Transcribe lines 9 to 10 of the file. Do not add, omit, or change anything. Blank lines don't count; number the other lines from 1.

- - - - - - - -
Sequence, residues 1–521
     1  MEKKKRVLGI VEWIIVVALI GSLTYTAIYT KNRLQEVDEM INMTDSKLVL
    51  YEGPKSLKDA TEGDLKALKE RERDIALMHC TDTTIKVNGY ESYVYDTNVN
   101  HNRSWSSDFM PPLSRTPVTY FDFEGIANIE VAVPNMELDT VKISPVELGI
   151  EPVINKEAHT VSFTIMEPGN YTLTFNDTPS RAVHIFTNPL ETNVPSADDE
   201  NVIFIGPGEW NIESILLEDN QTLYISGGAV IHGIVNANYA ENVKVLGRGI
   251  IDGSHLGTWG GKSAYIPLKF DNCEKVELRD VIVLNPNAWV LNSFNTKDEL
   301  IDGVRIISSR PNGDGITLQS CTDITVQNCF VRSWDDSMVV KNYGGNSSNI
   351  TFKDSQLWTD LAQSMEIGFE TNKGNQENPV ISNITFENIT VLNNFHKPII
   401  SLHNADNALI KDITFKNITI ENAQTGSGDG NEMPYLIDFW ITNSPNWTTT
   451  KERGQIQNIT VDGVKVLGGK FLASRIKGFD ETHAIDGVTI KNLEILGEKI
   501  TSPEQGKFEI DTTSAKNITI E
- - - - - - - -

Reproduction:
   351  TFKDSQLWTD LAQSMEIGFE TNKGNQENPV ISNITFENIT VLNNFHKPII
   401  SLHNADNALI KDITFKNITI ENAQTGSGDG NEMPYLIDFW ITNSPNWTTT